We have written about a dramatic attitudinal change in work in our book, The Truth About Transformation: portfolio careers. April Rinne coined the term to represent a new reality in which we take our careers with us from job to job. We don’t rely on our employers to define our careers. In contrast, we have a skill set and toolbox that we take with us as we move through our professional lives. As she says, “A new vocabulary is emerging. At the heart of it is a shift from pursuing a career path to creating your career portfolio. A career portfolio is different in that it is not a physical entity or system. It’s a new way to think about, talk about, and most importantly, craft your professional future to navigate our ever-changing world of work with purpose, clarity, and flexibility. Whereas a career path tends to be a singular pursuit (climb the ladder in one direction and focus on what is straight ahead), a career portfolio is a never-ending source of discovery and fulfillment. It represents your vast and diverse professional journey, including the various twists and turns, whether made by choice or by circumstance.”
Another attitudinal shift is the need to seek quality of life as well as quality of work. Wellbeing plays a big role in redefining quality, not based on financial success and status, but rather on balance, purpose, meaning and fulfillment. The means justify the end. And both your workforce and customers believe they can be financially and professionally successful as well as fulfilled. A cautionary note: If employers don’t provide the right balance, some employees will have a side gig that promises hope and possibility in making a meaningful difference.
Do you see the correlation to your employees’ life stages (which include and merge with their career/professional choices)?
Lastly, let’s turn our attention to a unique influence of our times which is only going to become more powerful and expansive.
If you think about it, there should be few market failures. With the sophistication of foresight forecasting, market research, R&D, data & analytics, concept testing, and pricing studies, one can make some pretty confident assumptions. Sadly, what can kill a product, service, or even a good idea even after adequate vetting is negative buzz, exacerbated by viral social influencers. TikTok has made millionaires and destroyed entrepreneurs.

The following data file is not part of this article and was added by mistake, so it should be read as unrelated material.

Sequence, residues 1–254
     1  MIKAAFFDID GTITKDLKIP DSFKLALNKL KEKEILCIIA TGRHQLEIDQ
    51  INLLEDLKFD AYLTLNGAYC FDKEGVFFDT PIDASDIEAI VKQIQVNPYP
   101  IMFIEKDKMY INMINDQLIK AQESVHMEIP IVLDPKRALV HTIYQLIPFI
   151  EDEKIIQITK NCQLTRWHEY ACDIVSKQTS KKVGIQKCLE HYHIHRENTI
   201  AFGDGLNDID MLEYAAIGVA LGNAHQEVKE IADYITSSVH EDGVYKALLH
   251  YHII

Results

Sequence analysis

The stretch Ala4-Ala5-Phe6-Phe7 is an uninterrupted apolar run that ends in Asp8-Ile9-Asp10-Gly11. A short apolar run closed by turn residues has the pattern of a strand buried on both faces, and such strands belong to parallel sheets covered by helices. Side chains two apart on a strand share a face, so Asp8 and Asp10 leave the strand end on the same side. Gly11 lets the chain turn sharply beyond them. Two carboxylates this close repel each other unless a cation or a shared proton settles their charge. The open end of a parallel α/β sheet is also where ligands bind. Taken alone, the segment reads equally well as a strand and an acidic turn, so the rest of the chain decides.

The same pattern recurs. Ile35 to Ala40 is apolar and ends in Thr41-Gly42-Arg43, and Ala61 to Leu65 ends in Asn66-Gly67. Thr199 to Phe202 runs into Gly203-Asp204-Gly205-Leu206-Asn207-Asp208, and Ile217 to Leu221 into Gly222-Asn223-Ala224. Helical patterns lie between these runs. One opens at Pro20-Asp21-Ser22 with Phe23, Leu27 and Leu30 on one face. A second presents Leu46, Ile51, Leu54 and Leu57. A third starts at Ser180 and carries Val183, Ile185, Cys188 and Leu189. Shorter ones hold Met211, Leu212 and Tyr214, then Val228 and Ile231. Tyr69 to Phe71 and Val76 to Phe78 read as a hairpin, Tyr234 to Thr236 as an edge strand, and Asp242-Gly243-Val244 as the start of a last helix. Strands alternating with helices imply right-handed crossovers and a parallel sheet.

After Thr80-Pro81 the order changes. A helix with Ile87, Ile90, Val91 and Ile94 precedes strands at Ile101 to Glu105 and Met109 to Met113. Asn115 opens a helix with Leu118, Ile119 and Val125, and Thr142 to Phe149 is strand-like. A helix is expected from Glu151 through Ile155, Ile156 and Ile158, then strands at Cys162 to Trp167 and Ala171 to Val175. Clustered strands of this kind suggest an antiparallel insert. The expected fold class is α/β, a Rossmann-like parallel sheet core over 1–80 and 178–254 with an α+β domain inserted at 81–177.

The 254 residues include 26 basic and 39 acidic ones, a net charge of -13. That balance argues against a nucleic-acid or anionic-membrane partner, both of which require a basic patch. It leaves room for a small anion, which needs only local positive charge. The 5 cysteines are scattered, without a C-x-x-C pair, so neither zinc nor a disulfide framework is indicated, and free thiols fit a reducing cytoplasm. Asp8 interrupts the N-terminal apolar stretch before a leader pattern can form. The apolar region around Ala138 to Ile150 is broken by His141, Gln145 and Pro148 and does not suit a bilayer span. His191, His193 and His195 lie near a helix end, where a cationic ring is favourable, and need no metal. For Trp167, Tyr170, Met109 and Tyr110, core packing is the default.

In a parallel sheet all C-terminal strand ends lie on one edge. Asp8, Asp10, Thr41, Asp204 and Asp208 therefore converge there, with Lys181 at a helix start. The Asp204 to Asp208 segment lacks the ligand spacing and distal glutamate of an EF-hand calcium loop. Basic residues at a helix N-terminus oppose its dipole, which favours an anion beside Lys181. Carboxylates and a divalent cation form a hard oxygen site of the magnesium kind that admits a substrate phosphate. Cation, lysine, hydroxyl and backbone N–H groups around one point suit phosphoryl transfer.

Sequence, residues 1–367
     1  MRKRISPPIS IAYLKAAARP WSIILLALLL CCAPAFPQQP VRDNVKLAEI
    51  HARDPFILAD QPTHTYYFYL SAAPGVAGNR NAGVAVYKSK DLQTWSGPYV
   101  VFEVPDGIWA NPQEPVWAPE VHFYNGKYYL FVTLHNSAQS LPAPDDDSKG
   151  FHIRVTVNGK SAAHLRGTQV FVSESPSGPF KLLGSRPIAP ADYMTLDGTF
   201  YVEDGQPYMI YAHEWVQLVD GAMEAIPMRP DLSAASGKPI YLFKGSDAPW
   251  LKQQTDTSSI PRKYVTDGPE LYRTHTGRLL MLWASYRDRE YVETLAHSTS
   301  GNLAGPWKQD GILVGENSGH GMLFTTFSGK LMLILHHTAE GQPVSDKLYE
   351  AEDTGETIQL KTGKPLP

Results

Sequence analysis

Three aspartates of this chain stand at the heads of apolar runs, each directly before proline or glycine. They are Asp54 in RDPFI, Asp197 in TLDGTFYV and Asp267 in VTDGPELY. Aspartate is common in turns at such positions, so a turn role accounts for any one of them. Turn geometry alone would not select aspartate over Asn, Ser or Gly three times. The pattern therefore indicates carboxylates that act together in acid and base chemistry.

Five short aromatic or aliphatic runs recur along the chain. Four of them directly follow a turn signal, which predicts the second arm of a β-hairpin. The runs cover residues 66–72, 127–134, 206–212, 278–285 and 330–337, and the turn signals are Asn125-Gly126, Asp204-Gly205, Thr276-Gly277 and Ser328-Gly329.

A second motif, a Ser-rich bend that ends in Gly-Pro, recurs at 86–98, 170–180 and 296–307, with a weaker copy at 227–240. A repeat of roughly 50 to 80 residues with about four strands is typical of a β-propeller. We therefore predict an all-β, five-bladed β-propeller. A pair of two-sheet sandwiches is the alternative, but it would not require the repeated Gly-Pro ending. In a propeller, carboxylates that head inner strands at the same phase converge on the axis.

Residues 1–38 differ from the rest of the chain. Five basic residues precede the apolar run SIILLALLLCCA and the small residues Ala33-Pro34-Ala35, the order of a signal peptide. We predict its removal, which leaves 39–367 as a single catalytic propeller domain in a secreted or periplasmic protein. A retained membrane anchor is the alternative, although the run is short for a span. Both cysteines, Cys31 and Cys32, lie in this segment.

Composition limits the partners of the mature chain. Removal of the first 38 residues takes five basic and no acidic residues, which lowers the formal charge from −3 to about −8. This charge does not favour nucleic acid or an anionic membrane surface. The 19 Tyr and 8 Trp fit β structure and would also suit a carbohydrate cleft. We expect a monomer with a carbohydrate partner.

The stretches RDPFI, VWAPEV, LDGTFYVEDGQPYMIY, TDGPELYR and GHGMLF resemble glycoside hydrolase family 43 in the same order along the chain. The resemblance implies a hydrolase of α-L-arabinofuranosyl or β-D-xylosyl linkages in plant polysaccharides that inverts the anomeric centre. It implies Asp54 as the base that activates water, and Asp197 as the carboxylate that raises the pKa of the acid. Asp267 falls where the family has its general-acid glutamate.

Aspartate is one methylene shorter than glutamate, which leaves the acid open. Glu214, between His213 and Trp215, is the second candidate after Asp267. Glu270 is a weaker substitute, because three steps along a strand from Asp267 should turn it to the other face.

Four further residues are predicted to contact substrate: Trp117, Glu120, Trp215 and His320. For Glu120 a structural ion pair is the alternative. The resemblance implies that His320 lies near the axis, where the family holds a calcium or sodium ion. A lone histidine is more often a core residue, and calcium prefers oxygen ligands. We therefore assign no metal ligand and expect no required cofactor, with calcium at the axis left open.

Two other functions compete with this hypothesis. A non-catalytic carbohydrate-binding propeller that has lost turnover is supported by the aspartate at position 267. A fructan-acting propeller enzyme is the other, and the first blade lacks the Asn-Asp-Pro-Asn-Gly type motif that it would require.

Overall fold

We live in strange times in a digital marketplace when nearly real-time communications throw an additional wrench into the best innovation teams’ plans. And then customer whims mixed with splinter vocal activists present unanticipated challenges. For example, Target recently had a rude wake-up surprise when its Pride Month merchandise in selected markets was ransacked and criticized. Who lost in the process? The customer. In this case, based on the polarization we are experiencing in this country, you might think the team at Target would have had the foresight to anticipate an event like this.
Readiness and Speed
In last week’s newsletter we talked about the necessity to leverage slow thinking. We suggested that thoughtful, mindful time spent on decision-making provides organizations and their leaders with the opportunity to recognize not just organizational change and transformation but also the importance of knowing if and when a market and the individuals that comprise that market are willing to change, transition and transform their day-to-day lives and adopt what they are peddling.
At 2040, we work with clients to rethink their traditional ways of viewing their products, services and customers. We know that market disruptions are unnerving, and we understand how difficult it is to adapt to change. Being ready is being prepared. And being prepared requires discipline and the will to think differently with the customer as the chief marketing officer and single point of sale for your organization.
Get “The Truth about Transformation”
The 2040 construct to change and transformation. What’s the biggest reason organizations fail? They don’t honor, respect, and acknowledge the human factor. We have compiled a playbook for organizations of all sizes to consider all the elements that comprise change and we have included some provocative case studies that illustrate how transformation can quickly derail.